While there are many days when things are going terrific, and everything is sunshine and rainbows, there are perhaps just as many which aren’t. These are the days when you’re stuck with a sagging middle – or get to the middle to decide you hate all that’s come before. Sometimes your characters won’t talk to you. Sometimes, things were going fantastic, you were writing up a storm, you’re eager to get onto the next book and … nothing. The characters won’t talk, the plot won’t gel, nothing is working.
Now what? You wonder.
Well, if you’ve read any of my other posts, you’ll know I’m a bit towards the beating and whipping the muse into submission, which is probably why at this point, the muse is either cowering in a corner, or mulishly refusing any action or assistance. When something is no longer working, it’s time for a different approach.
First, try talking to the characters. Yes, yes, of course they’re in your head. So perhaps free-write from their perspective. Imagine yourself as a medium, a conduit for these characters. Write the questions you want answered, then just keep writing and see what appears. You’d be surprised at the blocks this can get you past, the answers it can provide, or the sudden revelations you may not have expected but which your manuscript and story needed.
Did it work? Have you discovered all the answers you were searching for? No, hmm? Well, onto the next method.
Second, get inspired. What inspires you? Is it good music? A great movie? A new author or book? For me, I personally find dry as dust research tomes are perfect, probably because half of my brain gets bored and searches for something else to amuse itself, creating stories in the margins of my notes. If you don’t know what inspires you, this requires some research. When I was working on my post-apocalyptic book, I watched as many movies in what I considered a similar tone and subject matter, or, that is, as many movies I had like this at home. Listen to great music. Surf the web for pictures to use as inspiration which look or feel like characters or places in your book. Do whatever it takes until inspiration sparks. Then, back to work.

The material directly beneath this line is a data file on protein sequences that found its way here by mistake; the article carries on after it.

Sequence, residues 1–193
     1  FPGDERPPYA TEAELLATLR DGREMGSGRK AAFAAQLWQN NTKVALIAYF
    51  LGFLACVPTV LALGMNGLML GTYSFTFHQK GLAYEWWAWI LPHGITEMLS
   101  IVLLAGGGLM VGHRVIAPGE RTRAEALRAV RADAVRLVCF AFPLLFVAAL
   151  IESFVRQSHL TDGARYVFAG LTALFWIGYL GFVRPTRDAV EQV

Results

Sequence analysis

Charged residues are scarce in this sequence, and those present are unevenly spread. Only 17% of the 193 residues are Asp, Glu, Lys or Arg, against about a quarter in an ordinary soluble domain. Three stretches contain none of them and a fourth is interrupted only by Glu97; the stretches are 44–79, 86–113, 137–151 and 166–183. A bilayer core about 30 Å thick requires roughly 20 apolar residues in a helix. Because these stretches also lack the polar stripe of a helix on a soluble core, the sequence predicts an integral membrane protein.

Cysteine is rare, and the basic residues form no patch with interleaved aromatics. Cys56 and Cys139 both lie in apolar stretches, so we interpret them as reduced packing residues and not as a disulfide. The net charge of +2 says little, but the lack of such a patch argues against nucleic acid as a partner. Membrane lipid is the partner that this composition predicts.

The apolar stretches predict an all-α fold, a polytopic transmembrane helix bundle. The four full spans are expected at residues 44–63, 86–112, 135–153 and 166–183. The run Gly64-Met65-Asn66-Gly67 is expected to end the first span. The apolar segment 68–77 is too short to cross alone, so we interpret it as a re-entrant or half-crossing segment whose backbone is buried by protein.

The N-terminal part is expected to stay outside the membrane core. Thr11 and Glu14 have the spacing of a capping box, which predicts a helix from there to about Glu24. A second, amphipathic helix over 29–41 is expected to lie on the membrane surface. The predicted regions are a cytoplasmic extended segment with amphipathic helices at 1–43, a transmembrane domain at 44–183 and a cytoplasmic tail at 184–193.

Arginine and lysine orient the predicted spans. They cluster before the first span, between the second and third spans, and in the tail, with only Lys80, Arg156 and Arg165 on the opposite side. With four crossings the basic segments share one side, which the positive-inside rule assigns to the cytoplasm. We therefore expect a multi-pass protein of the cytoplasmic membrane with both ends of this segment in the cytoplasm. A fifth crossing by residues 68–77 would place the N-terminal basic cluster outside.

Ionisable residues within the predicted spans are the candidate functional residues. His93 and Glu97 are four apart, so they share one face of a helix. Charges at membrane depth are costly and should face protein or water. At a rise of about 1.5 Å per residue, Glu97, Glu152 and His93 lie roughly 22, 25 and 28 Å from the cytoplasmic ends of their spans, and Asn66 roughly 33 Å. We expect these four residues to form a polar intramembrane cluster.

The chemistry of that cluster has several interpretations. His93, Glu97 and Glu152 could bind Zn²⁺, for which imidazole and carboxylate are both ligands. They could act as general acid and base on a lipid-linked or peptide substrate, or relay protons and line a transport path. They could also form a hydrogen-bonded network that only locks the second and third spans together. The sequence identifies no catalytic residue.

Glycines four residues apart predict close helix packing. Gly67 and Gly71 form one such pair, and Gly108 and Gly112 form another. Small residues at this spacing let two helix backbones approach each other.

Success? No? Hmm, well, we’re not whipped yet.
The third method is doing an analytical reading of another book. Nope, no more research tomes, but probably something in your own genre. What book have you been waiting to read? What’s your favorite book? Or sometimes better yet, grab a random book. Whether the book is good or bad, it offers lessons. Because you’re not just reading it for pleasure. You’re going to analyze what works, what doesn’t, and how you can apply these same things to your book – the parts that work, of course. A favorite book can sometimes provide the perfect inspiration: why is it you favorite book? What did the author do or create that makes it your favorite? Does your manuscript include these elements? How can you incorporate them?
Did this send you down the path to success? Are you even now itching to put fingers to keys? No? Well, moving on …
The fourth method is harder, no doubt about it. This is a method I use for two different but similar reasons. The first is when I’ve reached a point where I think I hate the manuscript and want to start over. The second is during rewrites. Essentially, do a chapter by chapter analysis and break-down. What works in the chapter? What is the conflict? What is the emotional change? Why is it important to the plot? And perhaps most importantly, do you like it or not? What would you change? What’s wrong with it? In this way, I’ve decided to salvage chapters when I’ve scrapped many others, because there was something I still liked about the salvageable ones. Once you’ve created this chapter by chapter outline, it also lets you sit back and look at the manuscript as a whole objectively. Between chapters 24 and 25, is there a hole? What seems to be missing? Are all aspects of the plot where they’re supposed to be and as strong as they can be? From here, you can go back and correct chapter by chapter, you can see where you’ve been and where you’re going, and you can decide more objectively what’s worth keeping, and what’s not working and needs to go.
Was this finally the solution? Still no? Well, there is one last solution …
The fifth method is: walk away and go do something else. I do not mean you shouldn’t write. I don’t mean you will walk away forever and leave this poor, squalling, incomplete manuscript unloved and abandoned forever. I mean leave for enough time until you have reached the epiphany you need to continue and complete it, discovered a new vision for it, or simply have allowed greater distance and objectivity which will allow you to return with new eyes and renewed perspective. If this is not an option, then go back through the previous four steps. Simply sitting there, banging your head against the keyboard will accomplish nothing (other than, perhaps, the need for a new keyboard).
Hopefully by the end of this, the rain has cleared up and you’re back to sunshine and rainbows, you and your muse skipping happily hand in hand. Either that, or you’re just back to whipping the muse again, hard at work. Whatever the case, did these methods help you? How do you get past these kind of blocks? I welcome and look forward to your comments.